On a less acute level, any of the physical, cognitive, or social/personality developmental changes can become a focus of clinical mental health attention if they begin to affect an older adult’s or their significant others’ ability to function in their community. Some areas that come readily to mind as issues affecting the aging population, and that may be assisted by meeting with a therapist, are most often dealt with successfully by older adults and their families/friends. But, these may become a focus of clinical attention if the older adult lacks the support, information, or other resources to deal with such issues effectively:
- Substance use/abuse;
- Maltreatment (of self or others);
- [Chronic] pain;
- Sleep patterns;
- Emotional effects of low or insufficient income;
- Effects of legal issues such as divorce, estates, lawsuits;
- Experiencing a natural disaster; and
- Other experiences such as discrimination, being a crime victim, or various types of fraud.
As a therapist, though I am not a physician, I do have an interest in and some clinical tools that can help a client to address the psychosocial aspects of medical conditions, as well as access to medical care, and issues of compliance/non-compliance with medical care and treatment.
Optimizing Mental Health Throughout Aging
Can we do anything to optimize cognitive functioning? Yes, we can, and I will use some examples from the Alzheimer’s/dementia field:
- Learn a foreign language. The listening and hearing involved stimulates the brain. What’s more, a rich vocabulary has been linked to a reduced risk for cognitive decline.
- Draw a map from memory. After returning home from visiting a new place, try to draw a map of the area; repeat this exercise each time you visit a new location.
- Take a cooking class. Learn how to cook a new cuisine. Cooking uses a number of senses: smell, touch, sight, and taste, which all involve different parts of the brain. (This would also help with maintaining social and personality functioning levels (below)).
Socially and personality-wise, one can do several things improve one’s odds of success in the social arena. Keep involved. Go back to or join those groups that share your interest --- alumni clubs, retirement association activities, hobby clubs, senior centers, residential community activities, etc. Develop a new hobby, for example, I am researching bonsai gardening as a containable, doable, locally-available new activity. Recognize the relationship between physical, mental, and emotional health. Keep fit. Exercise with mall walkers or chair yoga classes. Join Silver Sneakers or Silver and Fit if your health insurance or Medicare senior health plan covers it.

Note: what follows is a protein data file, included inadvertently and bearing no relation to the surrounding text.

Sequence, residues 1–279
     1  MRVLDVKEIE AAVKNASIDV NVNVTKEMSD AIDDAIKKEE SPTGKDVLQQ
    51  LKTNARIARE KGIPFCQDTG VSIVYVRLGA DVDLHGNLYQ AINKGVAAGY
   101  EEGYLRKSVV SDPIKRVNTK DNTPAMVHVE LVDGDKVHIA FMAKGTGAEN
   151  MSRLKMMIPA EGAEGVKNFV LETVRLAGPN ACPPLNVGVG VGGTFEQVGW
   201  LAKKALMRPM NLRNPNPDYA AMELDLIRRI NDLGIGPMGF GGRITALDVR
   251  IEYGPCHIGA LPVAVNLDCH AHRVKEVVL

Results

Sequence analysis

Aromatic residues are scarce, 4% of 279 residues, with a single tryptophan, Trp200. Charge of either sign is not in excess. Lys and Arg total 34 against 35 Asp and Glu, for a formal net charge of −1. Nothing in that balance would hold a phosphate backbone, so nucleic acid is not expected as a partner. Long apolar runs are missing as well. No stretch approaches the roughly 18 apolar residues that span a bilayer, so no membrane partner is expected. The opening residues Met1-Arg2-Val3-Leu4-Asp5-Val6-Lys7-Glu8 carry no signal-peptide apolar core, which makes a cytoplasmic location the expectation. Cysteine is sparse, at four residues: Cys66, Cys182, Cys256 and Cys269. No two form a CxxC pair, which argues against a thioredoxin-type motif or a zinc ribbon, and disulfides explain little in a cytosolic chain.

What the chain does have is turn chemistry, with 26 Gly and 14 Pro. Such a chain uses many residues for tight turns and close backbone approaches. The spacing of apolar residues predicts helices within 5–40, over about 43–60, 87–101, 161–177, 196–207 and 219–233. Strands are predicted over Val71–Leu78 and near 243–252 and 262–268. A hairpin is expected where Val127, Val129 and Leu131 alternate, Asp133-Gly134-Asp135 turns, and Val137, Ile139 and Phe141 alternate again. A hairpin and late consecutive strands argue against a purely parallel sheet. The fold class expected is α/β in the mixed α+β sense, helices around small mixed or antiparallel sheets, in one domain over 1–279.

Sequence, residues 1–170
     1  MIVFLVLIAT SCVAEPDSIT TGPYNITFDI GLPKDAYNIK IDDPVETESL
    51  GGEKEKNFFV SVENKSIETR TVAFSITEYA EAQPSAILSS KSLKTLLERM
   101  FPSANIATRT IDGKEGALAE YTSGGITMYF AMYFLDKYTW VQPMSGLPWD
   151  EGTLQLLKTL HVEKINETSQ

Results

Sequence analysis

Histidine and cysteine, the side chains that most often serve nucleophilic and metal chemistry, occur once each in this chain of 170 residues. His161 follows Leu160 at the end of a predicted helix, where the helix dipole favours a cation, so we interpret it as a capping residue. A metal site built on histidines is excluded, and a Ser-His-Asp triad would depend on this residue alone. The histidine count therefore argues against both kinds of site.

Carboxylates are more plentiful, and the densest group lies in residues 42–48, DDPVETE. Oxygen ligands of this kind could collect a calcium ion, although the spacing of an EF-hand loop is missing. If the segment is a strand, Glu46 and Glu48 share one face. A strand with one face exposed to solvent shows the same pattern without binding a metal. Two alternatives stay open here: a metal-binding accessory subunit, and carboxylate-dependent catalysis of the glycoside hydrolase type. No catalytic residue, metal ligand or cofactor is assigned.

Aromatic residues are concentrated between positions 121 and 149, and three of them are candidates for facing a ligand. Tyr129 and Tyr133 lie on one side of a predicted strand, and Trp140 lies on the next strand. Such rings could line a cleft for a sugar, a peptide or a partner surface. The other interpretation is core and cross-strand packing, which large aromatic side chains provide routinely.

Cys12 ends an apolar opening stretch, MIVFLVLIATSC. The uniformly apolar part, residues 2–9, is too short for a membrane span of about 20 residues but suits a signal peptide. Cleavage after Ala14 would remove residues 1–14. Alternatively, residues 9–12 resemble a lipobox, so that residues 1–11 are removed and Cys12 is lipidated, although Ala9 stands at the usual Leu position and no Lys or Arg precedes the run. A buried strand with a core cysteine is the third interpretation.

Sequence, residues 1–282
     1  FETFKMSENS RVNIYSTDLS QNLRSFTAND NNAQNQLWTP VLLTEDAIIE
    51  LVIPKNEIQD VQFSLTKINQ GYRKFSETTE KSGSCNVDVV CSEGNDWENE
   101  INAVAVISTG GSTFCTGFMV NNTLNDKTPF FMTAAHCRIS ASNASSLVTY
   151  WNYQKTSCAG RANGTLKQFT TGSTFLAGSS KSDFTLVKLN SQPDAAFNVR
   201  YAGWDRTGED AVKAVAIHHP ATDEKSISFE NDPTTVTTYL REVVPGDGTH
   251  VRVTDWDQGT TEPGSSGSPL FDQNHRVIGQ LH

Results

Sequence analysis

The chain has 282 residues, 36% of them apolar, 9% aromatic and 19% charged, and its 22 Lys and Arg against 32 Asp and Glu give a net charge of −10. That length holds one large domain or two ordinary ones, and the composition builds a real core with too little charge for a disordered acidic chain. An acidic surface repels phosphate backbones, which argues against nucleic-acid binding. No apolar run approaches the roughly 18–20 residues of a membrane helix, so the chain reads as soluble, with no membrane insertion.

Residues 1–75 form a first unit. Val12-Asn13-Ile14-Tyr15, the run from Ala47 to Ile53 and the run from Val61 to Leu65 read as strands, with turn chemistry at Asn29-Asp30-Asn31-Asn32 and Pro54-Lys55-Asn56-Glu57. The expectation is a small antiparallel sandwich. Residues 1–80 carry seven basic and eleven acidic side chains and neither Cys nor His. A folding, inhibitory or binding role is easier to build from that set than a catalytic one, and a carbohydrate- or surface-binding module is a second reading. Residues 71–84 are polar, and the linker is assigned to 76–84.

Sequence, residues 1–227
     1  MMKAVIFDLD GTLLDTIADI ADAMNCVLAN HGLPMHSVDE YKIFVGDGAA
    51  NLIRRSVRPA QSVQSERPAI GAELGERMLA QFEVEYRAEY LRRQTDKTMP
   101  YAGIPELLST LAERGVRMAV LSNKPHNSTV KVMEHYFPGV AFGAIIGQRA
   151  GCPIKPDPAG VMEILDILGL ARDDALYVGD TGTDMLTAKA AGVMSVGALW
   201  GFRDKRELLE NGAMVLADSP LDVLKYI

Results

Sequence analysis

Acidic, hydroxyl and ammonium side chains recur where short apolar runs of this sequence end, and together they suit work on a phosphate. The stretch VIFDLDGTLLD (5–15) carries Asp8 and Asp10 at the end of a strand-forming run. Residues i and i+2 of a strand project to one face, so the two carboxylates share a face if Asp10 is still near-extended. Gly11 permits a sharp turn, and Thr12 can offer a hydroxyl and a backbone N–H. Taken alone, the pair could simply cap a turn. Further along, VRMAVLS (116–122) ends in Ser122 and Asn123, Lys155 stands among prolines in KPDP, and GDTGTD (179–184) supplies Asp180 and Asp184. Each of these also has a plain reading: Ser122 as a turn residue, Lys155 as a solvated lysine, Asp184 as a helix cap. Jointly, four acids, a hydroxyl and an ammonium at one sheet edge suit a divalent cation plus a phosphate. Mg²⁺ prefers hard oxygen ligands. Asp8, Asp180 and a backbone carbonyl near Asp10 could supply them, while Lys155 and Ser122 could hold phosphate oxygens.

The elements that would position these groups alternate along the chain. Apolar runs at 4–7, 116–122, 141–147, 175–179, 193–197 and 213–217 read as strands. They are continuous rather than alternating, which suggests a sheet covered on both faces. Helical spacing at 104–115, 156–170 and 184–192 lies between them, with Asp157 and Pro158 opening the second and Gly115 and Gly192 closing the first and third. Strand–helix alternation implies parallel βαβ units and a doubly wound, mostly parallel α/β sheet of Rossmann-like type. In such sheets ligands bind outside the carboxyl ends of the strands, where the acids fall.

Maybe I Can Help?
Does any of this sound familiar? Could any of it be you? If you think so, why don’t you contact me. We can confidentially discuss your concerns and whether I might be able to help. Check out other pages on my website here: “About Me,” “Another Word About Therapy via Video Conferencing…,” and then, hopefully “Appointment Request.” I would very much like to be your “en-courager” you, to instill the courage for you to make the decisions and take the steps you want in order to maintain mental health and improve the relationships you have with yourself and the world around you. I look forward to your call or email. Thanks!
Ellin, A. (2018). Change Artists. Psychology Today, 51(1). 52-88.
Feldman, R. S. Development Across the Life Span. Pearson Education, Inc. Upper Saddle River, NJ: 2008.
https://www.nimh.nih.gov/topics/topic-page-older-adults.shtml This is a website of the National Institute of Mental Health (NIMH). NIMH has a treasure trove of information and web pages on aging and mental health, and this site is probably a good web address at which to start your review, search, and learning.
Winch, G. (2017). Solutions for the Solitary. Psychology Today, 50(4). 32-34.
Stephen M. Harmon, LMFT ♦ Licensed Marriage & Family Therapist ♦ Calif. Lic. # 49365